Integrative Medicine: So Why not Integrative Marketing and Sales?


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I am a big fan of the integrative medicine movement. As Duke Integrative Medicine describes it: Integrative medicine is an approach to care that puts the patient at the center and addresses the full range of physical, emotional, mental, social, spiritual and environmental influences that affect a person’s health. It uses the most appropriate interventions from an array of scientific disciplines to heal illness and disease and help people regain and maintain optimum health.

Now, let the analogies begin. If such a well-established industry as medicine (finally) starts to adapt to changing circumstances, why can’t marketing and sales?

As the Kalish Institute put it: A good integrative clinic takes into account many different approaches to healing and wraps them together into the best possible package for an individual patient. And as Chris Ryan puts it: A good integrative marketing and sales model incorporates and blends all marketing and sales processes into one seamless lead-to-revenue framework that fully supports and optimizes revenue growth.

Just to be clear, integrated marketing usually refers to using all of our weapons in the marketing arsenal to communicate our brand message to the consumer. Here, we are talking about integrative marketing, which puts revenue generation at the center of everything. Irrespective of silos, this holistic focus retains a laser focus on how revenue is generated; by whom; and how we replicate success and avoid failure implementing these specific processes

Four Tenets of Integrative Marketing and Sales

No preconceptions. This means no sacred cows and no hard and fast rules about which media or functions to utilize. Certain marketing and sales managers have their preferred strategies and tactics and they want to apply these to whatever current scenario they face. This is like the statement that “When all you have is a hammer, everything looks like a nail.”

As an example: Early in my career, I was a marketing director at one of the hottest enterprise software vendors (name omitted to protect the innocent). We hired a new VP of Sales for North America and he immediately initiated a process to verticalize the field sales force. In other words, you were no longer a rep responsible for the Southeast Florida territory, but rather, a telco rep responsible for 20 states. Fair enough, but when this individual left the company, his replacement reversed the vertical assignment so all reps reverted back to the geographic territory model. I like to think that both decisions were made based on hard data, but in fact, they were based on the comfort level of the sales executives and what they had done in prior positions. .

A problem in one area impacts overall results. Effective integrative marketing and sales is like a finely-tuned manufacturing process, where a problem with one step can inhibit downstream activities and reduce total output. Likewise, a company that is great at generating inquiries, but poor at the qualification step, will starve the sales team of opportunities, definitely affecting revenue. To make sure this does not occur in your organization, you need to establish a range of acceptable performance for each function (e.g. inquiry-to-qualified lead conversion ratio) and relentlessly monitor and adjust as necessary to stay within these ranges.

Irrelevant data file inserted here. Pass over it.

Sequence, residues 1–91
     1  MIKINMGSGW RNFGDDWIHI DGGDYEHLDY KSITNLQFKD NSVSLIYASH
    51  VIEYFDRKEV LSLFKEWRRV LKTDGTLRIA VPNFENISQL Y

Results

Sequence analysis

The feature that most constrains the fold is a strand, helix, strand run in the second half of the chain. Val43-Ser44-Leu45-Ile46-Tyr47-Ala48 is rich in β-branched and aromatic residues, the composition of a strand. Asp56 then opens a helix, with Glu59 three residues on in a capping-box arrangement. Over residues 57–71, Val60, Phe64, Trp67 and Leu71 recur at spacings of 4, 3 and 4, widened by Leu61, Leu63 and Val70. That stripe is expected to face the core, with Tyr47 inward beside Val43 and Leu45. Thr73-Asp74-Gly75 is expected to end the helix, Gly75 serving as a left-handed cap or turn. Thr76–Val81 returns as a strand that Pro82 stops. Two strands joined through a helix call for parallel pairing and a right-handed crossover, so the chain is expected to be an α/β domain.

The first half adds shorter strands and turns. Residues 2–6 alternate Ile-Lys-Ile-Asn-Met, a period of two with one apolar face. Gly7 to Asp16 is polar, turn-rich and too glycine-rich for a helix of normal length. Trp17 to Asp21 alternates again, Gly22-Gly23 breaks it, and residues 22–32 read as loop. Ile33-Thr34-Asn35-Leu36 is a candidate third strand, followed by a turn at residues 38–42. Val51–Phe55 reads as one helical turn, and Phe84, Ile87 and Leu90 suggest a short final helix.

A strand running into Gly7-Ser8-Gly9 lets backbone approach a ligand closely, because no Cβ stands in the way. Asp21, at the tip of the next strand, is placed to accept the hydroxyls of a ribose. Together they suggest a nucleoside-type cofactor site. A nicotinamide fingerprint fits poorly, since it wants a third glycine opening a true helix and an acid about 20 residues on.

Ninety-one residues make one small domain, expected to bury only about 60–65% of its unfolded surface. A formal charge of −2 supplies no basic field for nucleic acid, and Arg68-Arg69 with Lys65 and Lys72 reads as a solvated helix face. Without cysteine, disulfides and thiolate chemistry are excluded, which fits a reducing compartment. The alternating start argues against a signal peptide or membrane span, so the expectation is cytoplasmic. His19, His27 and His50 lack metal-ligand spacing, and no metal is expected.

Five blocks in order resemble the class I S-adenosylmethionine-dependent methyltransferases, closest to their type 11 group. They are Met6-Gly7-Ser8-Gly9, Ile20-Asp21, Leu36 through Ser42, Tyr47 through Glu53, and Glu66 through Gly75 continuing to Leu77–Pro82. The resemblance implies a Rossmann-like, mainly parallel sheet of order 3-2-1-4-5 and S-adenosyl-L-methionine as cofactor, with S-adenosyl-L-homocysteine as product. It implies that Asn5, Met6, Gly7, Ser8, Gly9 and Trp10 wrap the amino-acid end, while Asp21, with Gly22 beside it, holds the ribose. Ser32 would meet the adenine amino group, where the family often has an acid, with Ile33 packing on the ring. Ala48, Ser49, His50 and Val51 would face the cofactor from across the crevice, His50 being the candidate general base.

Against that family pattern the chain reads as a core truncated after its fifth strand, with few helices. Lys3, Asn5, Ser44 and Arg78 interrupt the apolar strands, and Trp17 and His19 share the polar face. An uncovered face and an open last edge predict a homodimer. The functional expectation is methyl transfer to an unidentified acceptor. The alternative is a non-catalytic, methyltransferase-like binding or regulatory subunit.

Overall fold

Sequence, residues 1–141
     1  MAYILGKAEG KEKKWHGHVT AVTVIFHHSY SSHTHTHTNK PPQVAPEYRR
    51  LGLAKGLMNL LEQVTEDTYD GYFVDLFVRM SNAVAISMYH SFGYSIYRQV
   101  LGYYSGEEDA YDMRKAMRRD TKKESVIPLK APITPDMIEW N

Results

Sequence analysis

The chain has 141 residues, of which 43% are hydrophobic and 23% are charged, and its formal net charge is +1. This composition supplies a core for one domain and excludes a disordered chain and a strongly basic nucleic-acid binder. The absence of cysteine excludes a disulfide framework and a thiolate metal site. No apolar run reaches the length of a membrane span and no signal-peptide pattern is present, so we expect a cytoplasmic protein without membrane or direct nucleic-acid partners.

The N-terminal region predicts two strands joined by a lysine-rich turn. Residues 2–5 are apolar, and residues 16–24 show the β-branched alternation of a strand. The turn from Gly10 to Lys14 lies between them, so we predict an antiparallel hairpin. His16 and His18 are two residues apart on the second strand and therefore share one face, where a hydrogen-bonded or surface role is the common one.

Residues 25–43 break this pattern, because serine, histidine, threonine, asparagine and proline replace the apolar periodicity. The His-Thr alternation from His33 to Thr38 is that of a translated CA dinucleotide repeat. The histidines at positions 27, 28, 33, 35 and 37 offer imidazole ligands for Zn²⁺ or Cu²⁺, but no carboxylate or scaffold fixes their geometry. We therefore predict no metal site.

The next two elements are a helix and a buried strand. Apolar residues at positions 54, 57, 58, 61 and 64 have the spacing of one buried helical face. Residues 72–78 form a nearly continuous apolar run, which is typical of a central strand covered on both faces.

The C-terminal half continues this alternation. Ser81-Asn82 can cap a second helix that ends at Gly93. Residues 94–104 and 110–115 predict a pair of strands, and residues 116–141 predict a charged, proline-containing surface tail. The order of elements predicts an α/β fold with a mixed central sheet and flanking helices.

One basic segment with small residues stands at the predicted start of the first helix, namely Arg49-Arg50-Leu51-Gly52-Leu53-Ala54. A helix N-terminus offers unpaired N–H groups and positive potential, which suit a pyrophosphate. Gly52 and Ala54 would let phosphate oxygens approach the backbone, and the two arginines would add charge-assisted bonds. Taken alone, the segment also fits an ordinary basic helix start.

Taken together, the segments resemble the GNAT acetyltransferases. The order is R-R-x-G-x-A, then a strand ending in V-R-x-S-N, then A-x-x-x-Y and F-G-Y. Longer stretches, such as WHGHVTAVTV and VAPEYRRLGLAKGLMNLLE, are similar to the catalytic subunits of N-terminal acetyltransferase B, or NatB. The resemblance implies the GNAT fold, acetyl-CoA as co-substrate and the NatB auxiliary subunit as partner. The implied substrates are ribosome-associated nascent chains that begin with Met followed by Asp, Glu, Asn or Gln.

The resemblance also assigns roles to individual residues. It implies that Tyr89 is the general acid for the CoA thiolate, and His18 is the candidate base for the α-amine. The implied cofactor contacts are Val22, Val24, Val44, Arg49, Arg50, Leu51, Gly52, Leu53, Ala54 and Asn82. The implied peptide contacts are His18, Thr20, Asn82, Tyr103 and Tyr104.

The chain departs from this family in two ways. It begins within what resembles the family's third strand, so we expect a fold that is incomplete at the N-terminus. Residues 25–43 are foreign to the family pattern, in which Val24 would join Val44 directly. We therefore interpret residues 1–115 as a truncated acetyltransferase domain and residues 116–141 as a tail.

Shared data-driven measurements – I mentioned above how pre-conceived notions and prior experience can trump data when it comes to marketing and sales policies. Worse yet, when the numbers aren’t met, the sales and marketing people start pointing fingers at each other. Before I knew better, I was part of these usually counterproductive discussions. A better alternative is to create a scenario where both the sales and marketing departments are responsible for, and get credit for, generating new and repeat revenue. Yes, each department has its own set of sub-deliverables, but in the end, you either succeed or fail together.

Service Level Agreements – Shared responsibility and credit sound great but only if they are based on strict accountability from each party. To ensure this, create a service level agreement (SLA) between the two departments, containing items like:

  • Number of leads required
  • When they are to be delivered
  • What constitutes a sales-ready lead
  • How leads are distributed to the field
  • How a sales reps dispositions and closes leads
  • How marketing and sales contributions are measured in a closed-loop system

Read this for more information about whether you can benefit from a service level agreement. And, unless your marketing and sales functions are fully optimized and integrated to meet your revenue goals, consider giving the integrative approach a try.

Republished with author's permission from original post.

Christopher Ryan
Christopher Ryan is CEO of Fusion Marketing Partners, a B2B marketing consulting firm and interim/fractional CMO. He blogs at Great B2B Marketing and you can follow him at Google+. Chris has 25 years of marketing, technology, and senior management experience. As a marketing executive and services provider, Chris has created and executed numerous programs that build market awareness, drive lead generation and increase revenue.


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